Golby, George Arthur. Died 22nd Mar 1917

George Arthur GOLBY, was born in Paddington, London, in about early 1895, the son of Arthur John Golby, a painter, and his wife, Emma née Hamer, who was born in Marylebone, London. Arthur and Emma’s marriage had been registered in Greenwich in Q2 1894. Whilst George was born in Paddington, it seems likely his mother had been visiting her parents.

The family seems to have been established in Rugby, where Arthur John Golby had been born in about 1868 in Hillmorton, his father in turn having come to Hillmorton from Oxfordshire, before the 1880s, to work as a bricklayer.

George was christened at Hillmorton on 14 April 1895 and his sister was born in Rugby in about 1897.   By 1911 the family were living at 5 Paradise Street, Rugby.

George attended Murray School, where he was the ‘… winner of the Over Prize – which is offered annually to the boy who, in the opinion of his fellows, shows the best example of true manliness – in 1907.’[1] By 1911, when George was 16, he was a Clerk for an Electrical Engineers, and living with his parents and younger sister. He is not mentioned on the British Thompson Houston memorial, so must have worked for another firm in Rugby.

There is some confusion over George’s military service. His death notice suggested that he was a ‘…L-Corpl … of one of the Rifle Corps …’, however, his Medal Card and the CWGC describe him as Sapper No.95858 in the 89th Field Company Royal Engineers [RE]. His Medal Card also stated that he went to France on 30 October 1915, although there is no specific mention of reinforcements arriving with the 89th around that date in the War Diary.

The 89th Field Company were attached to the 14th Division which had been in action in August and September 1916 at Hooge, Delville Wood and Flers-Courccelette. It seems likely that George was part of the general reinforcement during the ‘quieter’ winter period as between 30 October and George’s death on 22 March 1917, the 14th Division and hence the 89th were not in any major actions, although they would later be actively involved in the battles at Scarpe in April 1917.

George wrote a letter to W T Coles Hodges which was published in the Rugby Advertiser in January 1916.[2]

OLD MURRAYIAN’S LETTER

Sapper Geo A Golby, a former scholar at the Murray School, and an “Over” Prize man, in a letter to Mr W T Coles Hodges[3] from the front says: “I have been out here since early in October, and have got quite used to the shells, etc, screaming over my head … I look forward to receiving the Rugby Advertiser every week, and am always pleased when I see the name of one of my old school chums in the list of recruits. I think by the number of names I have seen that our school is doing its share to free the world of these barbarians, and I am sure that if those who have not enlisted could just have a glimpse of this country, they would not hesitate for a minute. Only this morning we passed about a dozen old people (all between 60 and 70 years of age, I should think) whom the Germans had shelled out of their homes. It is a sight such as these that make us so anxious to get at the Huns. … I am pleased to say we are having a spell of fine weather just now, and goodness only knows we want it, as we are nearly up to our knees in mud in some places. This is the only thing to complain of out here; the food is extra.”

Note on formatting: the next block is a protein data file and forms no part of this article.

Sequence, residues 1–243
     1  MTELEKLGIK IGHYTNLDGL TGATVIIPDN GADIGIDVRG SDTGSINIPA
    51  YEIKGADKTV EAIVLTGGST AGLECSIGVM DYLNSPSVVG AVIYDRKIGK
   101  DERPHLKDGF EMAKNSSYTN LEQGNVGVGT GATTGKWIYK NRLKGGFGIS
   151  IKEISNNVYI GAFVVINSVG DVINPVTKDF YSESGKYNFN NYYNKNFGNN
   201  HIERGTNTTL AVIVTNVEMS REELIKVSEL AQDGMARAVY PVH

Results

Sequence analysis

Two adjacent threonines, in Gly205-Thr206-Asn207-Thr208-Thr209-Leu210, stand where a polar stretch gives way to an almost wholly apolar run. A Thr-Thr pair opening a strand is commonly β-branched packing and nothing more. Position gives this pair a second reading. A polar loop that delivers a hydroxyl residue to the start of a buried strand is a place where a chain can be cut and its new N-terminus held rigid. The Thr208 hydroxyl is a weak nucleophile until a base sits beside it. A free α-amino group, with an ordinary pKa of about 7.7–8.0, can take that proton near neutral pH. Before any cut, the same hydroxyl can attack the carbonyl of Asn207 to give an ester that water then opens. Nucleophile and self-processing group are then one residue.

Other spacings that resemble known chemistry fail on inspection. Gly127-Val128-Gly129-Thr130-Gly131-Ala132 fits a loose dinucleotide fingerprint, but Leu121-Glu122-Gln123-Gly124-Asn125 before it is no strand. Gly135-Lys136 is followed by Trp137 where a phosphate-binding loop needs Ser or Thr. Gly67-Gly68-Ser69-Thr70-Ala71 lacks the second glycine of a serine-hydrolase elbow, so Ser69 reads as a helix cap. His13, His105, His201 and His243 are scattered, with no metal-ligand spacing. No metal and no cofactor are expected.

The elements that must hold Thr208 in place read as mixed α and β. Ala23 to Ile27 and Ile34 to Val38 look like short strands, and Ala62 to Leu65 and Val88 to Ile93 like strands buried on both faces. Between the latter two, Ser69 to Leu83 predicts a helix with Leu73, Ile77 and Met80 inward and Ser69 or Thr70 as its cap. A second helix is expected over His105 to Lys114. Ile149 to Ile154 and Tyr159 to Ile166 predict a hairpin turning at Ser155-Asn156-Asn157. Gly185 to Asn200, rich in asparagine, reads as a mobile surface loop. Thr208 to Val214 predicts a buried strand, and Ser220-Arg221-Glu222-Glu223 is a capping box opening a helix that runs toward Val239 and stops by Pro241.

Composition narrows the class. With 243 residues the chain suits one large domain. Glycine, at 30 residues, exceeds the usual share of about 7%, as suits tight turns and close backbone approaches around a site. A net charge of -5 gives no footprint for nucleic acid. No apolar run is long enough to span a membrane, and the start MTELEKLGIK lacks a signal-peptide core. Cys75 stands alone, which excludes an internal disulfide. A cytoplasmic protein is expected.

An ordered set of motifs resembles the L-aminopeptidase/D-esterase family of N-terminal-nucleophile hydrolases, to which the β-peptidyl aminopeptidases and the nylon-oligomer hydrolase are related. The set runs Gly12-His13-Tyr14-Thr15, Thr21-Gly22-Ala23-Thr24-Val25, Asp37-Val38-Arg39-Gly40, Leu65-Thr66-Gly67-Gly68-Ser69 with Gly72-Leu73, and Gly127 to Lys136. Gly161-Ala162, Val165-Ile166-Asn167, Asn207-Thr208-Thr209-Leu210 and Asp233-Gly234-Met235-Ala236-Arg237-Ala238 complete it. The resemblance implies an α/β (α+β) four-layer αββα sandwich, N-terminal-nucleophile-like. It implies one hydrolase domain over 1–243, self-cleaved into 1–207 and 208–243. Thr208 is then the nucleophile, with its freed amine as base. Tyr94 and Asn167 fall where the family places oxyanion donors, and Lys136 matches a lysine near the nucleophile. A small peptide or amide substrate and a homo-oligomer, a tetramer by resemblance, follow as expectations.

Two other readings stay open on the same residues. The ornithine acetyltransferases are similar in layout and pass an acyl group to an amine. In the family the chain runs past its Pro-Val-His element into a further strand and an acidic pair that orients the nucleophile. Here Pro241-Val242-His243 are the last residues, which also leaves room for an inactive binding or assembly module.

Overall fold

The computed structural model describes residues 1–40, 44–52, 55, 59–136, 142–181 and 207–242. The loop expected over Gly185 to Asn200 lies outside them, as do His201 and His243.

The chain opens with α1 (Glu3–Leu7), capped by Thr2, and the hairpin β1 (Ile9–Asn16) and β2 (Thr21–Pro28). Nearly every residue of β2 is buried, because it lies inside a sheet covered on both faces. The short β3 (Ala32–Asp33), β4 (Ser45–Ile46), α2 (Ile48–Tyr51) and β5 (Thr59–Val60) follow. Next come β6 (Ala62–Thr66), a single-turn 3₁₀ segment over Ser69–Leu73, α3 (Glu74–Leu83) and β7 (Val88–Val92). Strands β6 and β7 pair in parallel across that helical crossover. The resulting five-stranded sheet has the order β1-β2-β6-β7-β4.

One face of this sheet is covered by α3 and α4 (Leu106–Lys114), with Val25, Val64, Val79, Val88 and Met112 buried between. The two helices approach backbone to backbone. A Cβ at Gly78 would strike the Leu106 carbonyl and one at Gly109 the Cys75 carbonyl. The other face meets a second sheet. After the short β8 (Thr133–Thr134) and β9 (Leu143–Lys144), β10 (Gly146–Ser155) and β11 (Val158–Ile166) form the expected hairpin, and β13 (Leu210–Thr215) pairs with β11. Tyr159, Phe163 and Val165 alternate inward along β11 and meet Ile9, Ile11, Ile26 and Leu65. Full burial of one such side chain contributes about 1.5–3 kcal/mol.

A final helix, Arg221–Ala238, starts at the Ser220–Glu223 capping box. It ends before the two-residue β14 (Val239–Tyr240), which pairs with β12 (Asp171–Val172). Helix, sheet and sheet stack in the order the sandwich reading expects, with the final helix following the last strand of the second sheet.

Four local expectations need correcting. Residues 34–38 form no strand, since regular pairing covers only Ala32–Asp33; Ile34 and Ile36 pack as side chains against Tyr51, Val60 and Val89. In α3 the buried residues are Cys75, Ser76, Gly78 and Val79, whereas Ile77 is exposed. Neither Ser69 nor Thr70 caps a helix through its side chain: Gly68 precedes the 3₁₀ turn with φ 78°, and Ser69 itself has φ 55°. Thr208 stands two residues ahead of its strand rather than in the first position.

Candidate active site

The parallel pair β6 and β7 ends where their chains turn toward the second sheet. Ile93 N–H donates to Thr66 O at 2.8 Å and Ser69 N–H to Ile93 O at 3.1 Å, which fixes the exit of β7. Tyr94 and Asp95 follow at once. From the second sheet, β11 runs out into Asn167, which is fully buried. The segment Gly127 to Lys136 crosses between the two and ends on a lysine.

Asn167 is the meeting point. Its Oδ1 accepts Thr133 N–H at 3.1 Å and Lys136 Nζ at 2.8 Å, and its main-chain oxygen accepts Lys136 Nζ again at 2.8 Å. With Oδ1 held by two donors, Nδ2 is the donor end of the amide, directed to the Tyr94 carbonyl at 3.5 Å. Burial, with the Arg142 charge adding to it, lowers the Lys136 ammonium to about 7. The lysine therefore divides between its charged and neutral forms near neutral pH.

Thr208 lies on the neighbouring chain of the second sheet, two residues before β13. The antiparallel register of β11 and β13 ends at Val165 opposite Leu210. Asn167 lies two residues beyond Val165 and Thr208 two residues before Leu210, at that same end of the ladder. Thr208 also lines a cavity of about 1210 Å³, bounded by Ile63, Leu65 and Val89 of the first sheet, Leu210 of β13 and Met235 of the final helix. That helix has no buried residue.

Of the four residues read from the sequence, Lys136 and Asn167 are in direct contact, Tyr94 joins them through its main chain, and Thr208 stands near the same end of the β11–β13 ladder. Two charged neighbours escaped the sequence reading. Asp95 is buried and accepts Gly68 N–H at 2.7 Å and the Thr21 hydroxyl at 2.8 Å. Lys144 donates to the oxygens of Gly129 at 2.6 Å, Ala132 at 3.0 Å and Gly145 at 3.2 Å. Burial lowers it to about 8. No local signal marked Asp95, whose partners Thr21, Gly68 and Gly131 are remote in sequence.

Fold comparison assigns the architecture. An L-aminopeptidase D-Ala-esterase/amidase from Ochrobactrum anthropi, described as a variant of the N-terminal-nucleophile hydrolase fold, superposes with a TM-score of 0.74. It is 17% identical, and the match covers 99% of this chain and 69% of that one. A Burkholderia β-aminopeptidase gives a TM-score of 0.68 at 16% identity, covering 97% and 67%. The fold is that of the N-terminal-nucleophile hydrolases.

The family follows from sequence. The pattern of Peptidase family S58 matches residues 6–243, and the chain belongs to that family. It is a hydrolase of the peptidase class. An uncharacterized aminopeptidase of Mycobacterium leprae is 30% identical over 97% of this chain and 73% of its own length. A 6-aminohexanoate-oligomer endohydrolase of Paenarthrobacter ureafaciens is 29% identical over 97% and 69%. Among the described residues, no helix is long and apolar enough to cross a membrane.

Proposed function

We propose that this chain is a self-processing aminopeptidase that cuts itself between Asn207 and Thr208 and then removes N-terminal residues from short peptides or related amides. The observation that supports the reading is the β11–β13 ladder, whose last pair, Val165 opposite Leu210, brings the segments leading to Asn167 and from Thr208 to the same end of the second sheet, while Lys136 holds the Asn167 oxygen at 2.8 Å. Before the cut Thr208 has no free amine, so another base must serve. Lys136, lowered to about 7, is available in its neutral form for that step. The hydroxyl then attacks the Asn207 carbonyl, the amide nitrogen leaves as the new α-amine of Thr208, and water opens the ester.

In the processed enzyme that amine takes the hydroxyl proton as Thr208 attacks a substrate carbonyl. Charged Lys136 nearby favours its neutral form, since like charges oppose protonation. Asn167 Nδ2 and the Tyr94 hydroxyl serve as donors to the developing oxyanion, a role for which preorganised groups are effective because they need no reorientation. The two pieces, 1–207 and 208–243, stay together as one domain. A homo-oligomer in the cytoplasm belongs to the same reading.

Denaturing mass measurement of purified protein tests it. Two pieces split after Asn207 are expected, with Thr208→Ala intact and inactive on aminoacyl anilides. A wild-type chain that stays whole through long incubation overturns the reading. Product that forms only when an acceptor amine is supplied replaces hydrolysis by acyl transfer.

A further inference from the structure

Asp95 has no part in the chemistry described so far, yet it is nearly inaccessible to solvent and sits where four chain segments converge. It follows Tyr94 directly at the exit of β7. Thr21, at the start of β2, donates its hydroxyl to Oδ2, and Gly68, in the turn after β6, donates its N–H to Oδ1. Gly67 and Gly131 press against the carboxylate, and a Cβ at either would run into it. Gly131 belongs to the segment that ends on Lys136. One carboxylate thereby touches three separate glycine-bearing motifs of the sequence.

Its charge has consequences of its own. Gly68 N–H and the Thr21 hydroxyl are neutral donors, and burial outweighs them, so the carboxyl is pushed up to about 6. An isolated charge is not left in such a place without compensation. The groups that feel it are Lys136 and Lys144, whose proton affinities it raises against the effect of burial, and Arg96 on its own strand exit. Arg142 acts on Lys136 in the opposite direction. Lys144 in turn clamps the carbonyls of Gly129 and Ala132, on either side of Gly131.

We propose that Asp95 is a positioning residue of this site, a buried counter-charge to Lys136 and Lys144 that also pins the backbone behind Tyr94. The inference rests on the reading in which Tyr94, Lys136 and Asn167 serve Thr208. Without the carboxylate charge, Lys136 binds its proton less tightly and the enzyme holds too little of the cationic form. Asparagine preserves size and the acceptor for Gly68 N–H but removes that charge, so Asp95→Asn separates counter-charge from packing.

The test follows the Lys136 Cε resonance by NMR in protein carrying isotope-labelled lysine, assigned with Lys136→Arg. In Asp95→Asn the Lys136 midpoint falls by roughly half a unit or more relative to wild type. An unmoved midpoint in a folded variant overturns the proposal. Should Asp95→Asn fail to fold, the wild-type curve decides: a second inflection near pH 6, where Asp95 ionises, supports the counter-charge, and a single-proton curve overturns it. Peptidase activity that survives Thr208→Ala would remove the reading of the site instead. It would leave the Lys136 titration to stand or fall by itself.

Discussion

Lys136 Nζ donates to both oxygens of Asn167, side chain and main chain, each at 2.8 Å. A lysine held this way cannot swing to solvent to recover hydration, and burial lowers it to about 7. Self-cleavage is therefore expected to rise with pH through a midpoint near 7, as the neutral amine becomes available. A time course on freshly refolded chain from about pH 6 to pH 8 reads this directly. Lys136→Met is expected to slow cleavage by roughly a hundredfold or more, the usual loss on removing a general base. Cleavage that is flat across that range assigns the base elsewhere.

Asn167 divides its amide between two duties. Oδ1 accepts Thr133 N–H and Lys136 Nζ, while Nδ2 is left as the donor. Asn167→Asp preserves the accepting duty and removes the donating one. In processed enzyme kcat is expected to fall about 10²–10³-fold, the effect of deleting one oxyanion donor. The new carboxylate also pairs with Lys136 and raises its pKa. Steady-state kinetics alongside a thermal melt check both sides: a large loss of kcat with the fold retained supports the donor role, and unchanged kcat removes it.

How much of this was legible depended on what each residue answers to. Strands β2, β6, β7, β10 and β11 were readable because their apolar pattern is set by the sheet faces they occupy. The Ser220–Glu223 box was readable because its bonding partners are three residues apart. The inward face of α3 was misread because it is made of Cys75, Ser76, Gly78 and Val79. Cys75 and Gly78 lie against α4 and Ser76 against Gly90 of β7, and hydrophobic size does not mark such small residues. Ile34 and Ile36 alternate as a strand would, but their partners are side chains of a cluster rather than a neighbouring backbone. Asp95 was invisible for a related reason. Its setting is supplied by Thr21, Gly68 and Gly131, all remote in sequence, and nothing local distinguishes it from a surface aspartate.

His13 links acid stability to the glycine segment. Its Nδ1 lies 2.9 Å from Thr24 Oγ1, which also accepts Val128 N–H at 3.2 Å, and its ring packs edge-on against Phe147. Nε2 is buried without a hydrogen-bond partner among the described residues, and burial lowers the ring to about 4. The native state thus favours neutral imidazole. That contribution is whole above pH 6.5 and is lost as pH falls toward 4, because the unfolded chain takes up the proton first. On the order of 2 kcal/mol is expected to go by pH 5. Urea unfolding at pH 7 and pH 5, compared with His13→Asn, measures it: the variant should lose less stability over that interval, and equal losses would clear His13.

However, George was killed ‘… by a stray shell …’ on 22 March 1917 which was a month before the battle of Arras, when he was involved in work just to the south of Arras making the preparations for that battle.

The 89th Field Company’s War Diary[4] relates that in later February 1917 the Company had been strengthening defences in Arras, working to prepare Advanced Dressing Stations, strengthening cellars, preparing Trench Mortar positions and signal stations. From 18-20 March 1917 they were working on bridging trenches and were subjected to heavy shelling by the Germans. Then on 21 and 22 March …

21 March – … Nos. 3 and 4 Sections with two parties of 80 men each from 41st Bde, clearing main road through Beaurains.

22 March … Work the same as 21st. … No.4 Section caught by shellfire in Ronville … casualties, Lce Cpl Mitchell, Lce Cpl Golby, Saprs Anderson, E Durston, J Jones, Little, killed, …

Three more of the Engineers in that working group were wounded and two concussed.

George was buried at Beaurains Road Cemetery, Beaurains in grave ref: 1 C 21. His mother chose the inscription, ‘Lord we asked of thee life. But thou hast given him life everlasting’. The cemetery was near where he had been working on the southern outskirts of Arras. The five other men from his Field Company who were killed by the same shell were buried beside him in graves C18 to C23.

The cemetery was only begun a few days before Beaurains was captured by Commonwealth forces on 18 March 1917 [just four days before George’s death]. It was a month before the Battle of Arras began, and the Germans were still in nearby Tilloy-les-Mofflaines. The cemetery was used (sometimes under the name of Ronville Forward Cemetery) until the beginning of June by the 14th (Light) Division Burial Officer and by fighting units.[5]